ALBUQUERQUE, N.M. — For Dennis Vásquez, it was an awkward introduction.
Vásquez, the new National Park Service superintendent at the Petroglyph National Monument on Albuquerque’s West Side, was on a walking tour last week of a section of the monument known as the northern geological window. His companion and guide was Ike Eastvold, a longtime advocate for and defender of the monument and the thousands of samples of ancient Pueblo Indian rock art found there.
As the two entered Boca Negra Arroyo, they came upon a sight that was anything but the sacred, peaceful and wild landscape they were expecting.
“We were walking through the canyon and came across debris, motorcycle tracks and graffiti,” said Vásquez, who took over as monument superintendent in December. “I was troubled, disappointed.”
The monument is managed jointly by the National Park Service and the city of Albuquerque. The trashed section Vásquez and Eastvold happened upon is owned and managed by the city.
Eastvold said fencing was down here, trash and shotgun shells littered the ground, a dozen, huge semi-trailer tires were dumped in the canyon, the remnants of campfires were evident, and a large, archaeologically sensitive dry cave had been marred by graffiti spray-painted in gold.
“It was like a punch to the gut,” Eastvold said. “Who knows what was going on there. But people have told me it was a teenage party place.”
No one can say how long the trash and graffiti have been there. Eastvold said he had not been to the area for about three years before last week’s discovery.
Vásquez said the graffiti may be as fresh as several weeks, but Eastvold notes that since it is in a cave protected from the elements, it is difficult to be sure.
“It’s just pure guess,” Vásquez said.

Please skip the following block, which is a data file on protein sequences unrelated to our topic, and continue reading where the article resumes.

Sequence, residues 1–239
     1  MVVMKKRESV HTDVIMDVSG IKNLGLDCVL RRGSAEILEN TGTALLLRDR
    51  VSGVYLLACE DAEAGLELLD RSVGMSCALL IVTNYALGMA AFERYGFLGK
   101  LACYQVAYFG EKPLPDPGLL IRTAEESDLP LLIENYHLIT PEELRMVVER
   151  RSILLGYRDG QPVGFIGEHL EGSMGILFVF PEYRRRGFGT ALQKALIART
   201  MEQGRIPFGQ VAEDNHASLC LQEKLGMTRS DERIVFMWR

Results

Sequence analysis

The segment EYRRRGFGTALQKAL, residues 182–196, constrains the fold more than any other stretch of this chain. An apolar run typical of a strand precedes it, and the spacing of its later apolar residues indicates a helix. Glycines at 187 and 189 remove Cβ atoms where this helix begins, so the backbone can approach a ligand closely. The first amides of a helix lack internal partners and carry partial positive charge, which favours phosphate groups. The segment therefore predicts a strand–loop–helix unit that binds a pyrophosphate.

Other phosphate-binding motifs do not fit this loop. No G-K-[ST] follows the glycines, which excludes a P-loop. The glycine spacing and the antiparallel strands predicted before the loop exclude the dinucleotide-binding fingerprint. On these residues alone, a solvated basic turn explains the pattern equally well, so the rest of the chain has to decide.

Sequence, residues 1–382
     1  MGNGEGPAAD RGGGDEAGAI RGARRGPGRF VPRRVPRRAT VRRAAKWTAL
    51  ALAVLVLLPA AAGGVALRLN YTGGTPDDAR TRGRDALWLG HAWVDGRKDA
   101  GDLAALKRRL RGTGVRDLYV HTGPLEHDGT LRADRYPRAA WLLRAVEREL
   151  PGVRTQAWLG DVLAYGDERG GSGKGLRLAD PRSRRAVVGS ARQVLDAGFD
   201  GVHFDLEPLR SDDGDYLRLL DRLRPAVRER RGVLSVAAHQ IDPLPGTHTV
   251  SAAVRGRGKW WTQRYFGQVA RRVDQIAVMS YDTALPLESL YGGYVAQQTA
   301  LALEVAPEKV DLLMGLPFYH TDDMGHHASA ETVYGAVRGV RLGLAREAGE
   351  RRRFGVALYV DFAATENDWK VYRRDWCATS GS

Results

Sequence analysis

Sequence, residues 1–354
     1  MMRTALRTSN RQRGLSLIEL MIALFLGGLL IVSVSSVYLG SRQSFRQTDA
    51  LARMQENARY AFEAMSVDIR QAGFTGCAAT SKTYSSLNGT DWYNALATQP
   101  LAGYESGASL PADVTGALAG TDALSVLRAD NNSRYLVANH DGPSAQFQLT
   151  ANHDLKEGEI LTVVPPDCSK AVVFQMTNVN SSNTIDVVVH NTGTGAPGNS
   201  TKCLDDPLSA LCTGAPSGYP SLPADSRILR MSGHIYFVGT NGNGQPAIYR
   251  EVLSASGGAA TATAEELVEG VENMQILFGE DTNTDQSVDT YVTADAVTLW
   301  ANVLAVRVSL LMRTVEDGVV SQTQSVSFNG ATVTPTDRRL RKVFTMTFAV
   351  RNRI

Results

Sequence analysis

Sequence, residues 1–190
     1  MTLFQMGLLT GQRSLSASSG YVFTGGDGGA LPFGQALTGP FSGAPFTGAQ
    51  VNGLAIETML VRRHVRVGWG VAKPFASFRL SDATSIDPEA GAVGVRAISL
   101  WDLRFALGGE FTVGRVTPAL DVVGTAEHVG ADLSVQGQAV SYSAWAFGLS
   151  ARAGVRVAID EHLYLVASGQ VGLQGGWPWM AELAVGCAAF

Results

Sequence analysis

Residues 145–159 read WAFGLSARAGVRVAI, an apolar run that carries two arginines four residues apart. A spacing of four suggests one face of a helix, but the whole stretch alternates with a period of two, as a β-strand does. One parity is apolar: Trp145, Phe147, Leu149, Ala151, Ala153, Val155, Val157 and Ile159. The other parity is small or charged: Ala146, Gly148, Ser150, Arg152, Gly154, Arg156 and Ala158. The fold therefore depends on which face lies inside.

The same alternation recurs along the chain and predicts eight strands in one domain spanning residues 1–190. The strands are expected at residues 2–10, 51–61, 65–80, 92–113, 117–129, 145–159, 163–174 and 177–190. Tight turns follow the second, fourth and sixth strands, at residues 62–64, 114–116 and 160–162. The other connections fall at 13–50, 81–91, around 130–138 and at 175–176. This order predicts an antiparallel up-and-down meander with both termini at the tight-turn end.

Eastvold puts some of the blame on the fact that the right of way for the controversial Paseo del Norte extension, which punched through monument grounds in 2007, was never fenced off. That right of way is just a half mile or so north of the monument’s northern geological window.
“A network of dirt roads and tracks exists between the two,” Eastvold said. “This intervening area experiences a wide variety of trespass activities.”
Even though the monument boundaries are fenced off, Eastvold said the fence is easily breached. And he said city of Albuquerque Open Space Division has not been sufficiently funded to pay for patrols of the area.
Open Space crews did restore the sections of downed fence and start removing litter and debris on Monday.
Matt Schmader, Open Space superintendent, did not return Journal calls on Tuesday.
But Vásquez said the park service and the city will work together to remove the graffiti as quickly as possible.
“We have to be careful and sensitive so we don’t damage the rocks and create our own markings,” he said. “We have a variety of methods to try, ranging from high-pressure water, to a pumice removal method to a new product, an environmentally friendly solvent.
“In the very near future, we’ll have it looking better.”
Journal staff writer Nicole Perez contributed to this report.